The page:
Hold on, Mr President
In all the gin joints in all the towns in all the world, filled with unemployed investment bankers and piano players, they dream of a new bull market to return with so much money being printed around the world. The pain of a reduced bank account has been accepted as a price for past excesses. So why not let's just move on?
US President Barack Obama, striking a message of national unity, said recently that 'we need to look forward as opposed to looking backwards' when asked whether he would seek an investigation of the wrongdoings committed by the Bush administration.
The ability to forgive is one of the most admirable traits of human nature. We should not knock it.
But wait one second. What if, by ignoring the past, we are only sowing the seeds for a repeat performance in the future? Wouldn't we be setting a horrible precedent for our children that crimes can, and do, pay?
Let's take a quick tour down memory lane before we totally forget, let alone forgive. At the heart of the bubble that is still bursting was the systematic wrecking of governance by the Republican Party.
An angry US congressional committee last October asked former Federal Reserve chairman Alan Greenspan: 'Do you feel that your ideology pushed you to make decisions that you wish you had not made?'
Mr Greenspan conceded: 'Yes ... Those of us who have looked to the self-interest of lending institutions to protect shareholders' equity, myself included, are in a state of shocked disbelief.'
There is much in the view that the best government is the least government. Too often, officials are arrogant as well as incompetent, forgetting they are paid to serve the public.
However, there is a difference between good and bad governance, between excessive and no regulation. Imagine a soccer match without a referee to enforce the rules. Or one where he simply walked away, leaving the players to faithfully observe those rules because a 'free market' solution is optimal.
Many of George W. Bush's appointees went about wrecking that referee part of the government with the presumption that regulations, per se, were 'guilty' until proven otherwise. The list of all the wrecks is prohibitively long (but can be seen at Publicintegrity.org).
Next to the Federal Reserve Board, the US Securities and Exchange Commission (SEC) is the other guardian of the financial system. The SEC under Mr Bush was notorious for looking the other way especially when matters concerned major financial backers of the Republican Party.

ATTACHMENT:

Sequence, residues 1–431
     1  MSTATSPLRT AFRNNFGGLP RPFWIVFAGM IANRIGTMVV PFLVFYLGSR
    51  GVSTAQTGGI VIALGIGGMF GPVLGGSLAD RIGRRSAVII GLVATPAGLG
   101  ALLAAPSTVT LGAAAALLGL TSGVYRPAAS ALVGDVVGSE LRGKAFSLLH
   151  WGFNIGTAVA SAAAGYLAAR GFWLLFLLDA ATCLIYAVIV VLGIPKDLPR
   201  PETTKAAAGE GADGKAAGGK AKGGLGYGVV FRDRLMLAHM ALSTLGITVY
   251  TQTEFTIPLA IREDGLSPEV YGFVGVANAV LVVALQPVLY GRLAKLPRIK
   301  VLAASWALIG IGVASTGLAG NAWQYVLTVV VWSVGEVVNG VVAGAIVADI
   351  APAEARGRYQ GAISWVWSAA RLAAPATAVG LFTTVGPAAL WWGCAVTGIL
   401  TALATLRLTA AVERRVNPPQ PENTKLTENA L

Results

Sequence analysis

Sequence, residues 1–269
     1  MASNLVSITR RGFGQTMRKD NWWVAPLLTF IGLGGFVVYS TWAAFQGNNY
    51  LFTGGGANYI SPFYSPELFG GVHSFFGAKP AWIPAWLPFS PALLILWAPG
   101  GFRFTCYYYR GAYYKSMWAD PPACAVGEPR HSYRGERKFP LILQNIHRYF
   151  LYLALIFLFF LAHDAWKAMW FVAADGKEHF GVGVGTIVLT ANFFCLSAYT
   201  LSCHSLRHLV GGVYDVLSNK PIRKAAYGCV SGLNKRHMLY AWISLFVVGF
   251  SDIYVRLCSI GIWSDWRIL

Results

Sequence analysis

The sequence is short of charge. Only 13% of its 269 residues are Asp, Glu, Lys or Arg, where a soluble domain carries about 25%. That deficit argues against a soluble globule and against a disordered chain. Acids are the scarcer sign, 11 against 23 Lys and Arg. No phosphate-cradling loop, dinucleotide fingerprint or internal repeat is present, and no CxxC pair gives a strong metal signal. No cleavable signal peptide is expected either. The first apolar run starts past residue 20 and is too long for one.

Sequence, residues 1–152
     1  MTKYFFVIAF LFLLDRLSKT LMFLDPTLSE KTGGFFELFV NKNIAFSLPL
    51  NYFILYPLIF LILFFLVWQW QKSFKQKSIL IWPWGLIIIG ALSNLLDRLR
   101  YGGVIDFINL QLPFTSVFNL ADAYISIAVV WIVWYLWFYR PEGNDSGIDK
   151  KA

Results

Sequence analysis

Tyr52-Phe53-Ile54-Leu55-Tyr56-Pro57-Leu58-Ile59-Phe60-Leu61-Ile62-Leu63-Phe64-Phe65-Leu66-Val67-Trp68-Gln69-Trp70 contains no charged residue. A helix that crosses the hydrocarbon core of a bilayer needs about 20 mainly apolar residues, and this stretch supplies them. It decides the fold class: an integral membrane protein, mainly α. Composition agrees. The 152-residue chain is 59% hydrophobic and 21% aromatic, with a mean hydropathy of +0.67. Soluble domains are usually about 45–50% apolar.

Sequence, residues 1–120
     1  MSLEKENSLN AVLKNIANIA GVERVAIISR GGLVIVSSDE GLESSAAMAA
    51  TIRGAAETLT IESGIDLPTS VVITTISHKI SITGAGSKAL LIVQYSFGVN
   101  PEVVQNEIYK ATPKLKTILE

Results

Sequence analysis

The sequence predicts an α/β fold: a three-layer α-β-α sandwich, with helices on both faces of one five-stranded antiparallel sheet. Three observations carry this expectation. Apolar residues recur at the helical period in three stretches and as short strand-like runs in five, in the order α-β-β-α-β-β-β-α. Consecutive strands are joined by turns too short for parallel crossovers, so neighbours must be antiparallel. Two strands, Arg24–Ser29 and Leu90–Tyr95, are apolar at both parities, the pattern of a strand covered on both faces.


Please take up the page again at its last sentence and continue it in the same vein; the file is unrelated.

Harvey Pitt, the former SEC chairman, was well known for his coziness with the accounting profession, which too often signed off on bogus financial statements of client firms such as Enron. It was the single largest contributor to Mr Bush's 2000 presidential campaign and helped him draft legislation 'regulating' the energy industry. Enron's chairman Kenneth Lay stayed at the White House 11 times as Mr Bush's guest.
Mr Pitt left the SEC under a cloud. His successor, William Donaldson, lasted only two years because the Republican-dominated board joined up with powerful private-sector interests to sabotage his efforts to clean up corporate wrongdoings, often contradicting him at open hearings.
The final SEC appointee, Christopher Cox - whom Mr Bush praised as 'a champion of the free-enterprise system' - resigned as Mr Bush left office. He was widely criticised for negligence, including ignoring warnings from SEC staff over suspicious dealings by trader Bernard Madoff.
Investors also had their doubts about the accuracy of bond credit rating agencies that are essential to the proper functioning of the debt market, whose size, including credit-based derivatives, dwarfs the global stock markets. The SEC has jurisdiction over them, too.
Moody's and Standard & Poor's, the two major credit rating agencies, 'own' 80 per cent of the market, enjoying an operating margin of more than 50 per cent. That is higher than even Microsoft (under 40 per cent) and Sun Hung Kai Properties in Hong Kong (under 46 per cent).
Credit-rating agencies charge debt issuers for rating them. 'It's like cattle ranchers paying the Department of Agriculture to rate the quality and safety of their beef,' says one expert.
Mr Obama would be making a major policy mistake if he were to forgive and forget.
Greed will always ensure that rules will be broken, unless a fitting punishment is a certain outcome of a crime.
Sin-ming Shaw, former visiting scholar at Harvard and Oxford, is a private investor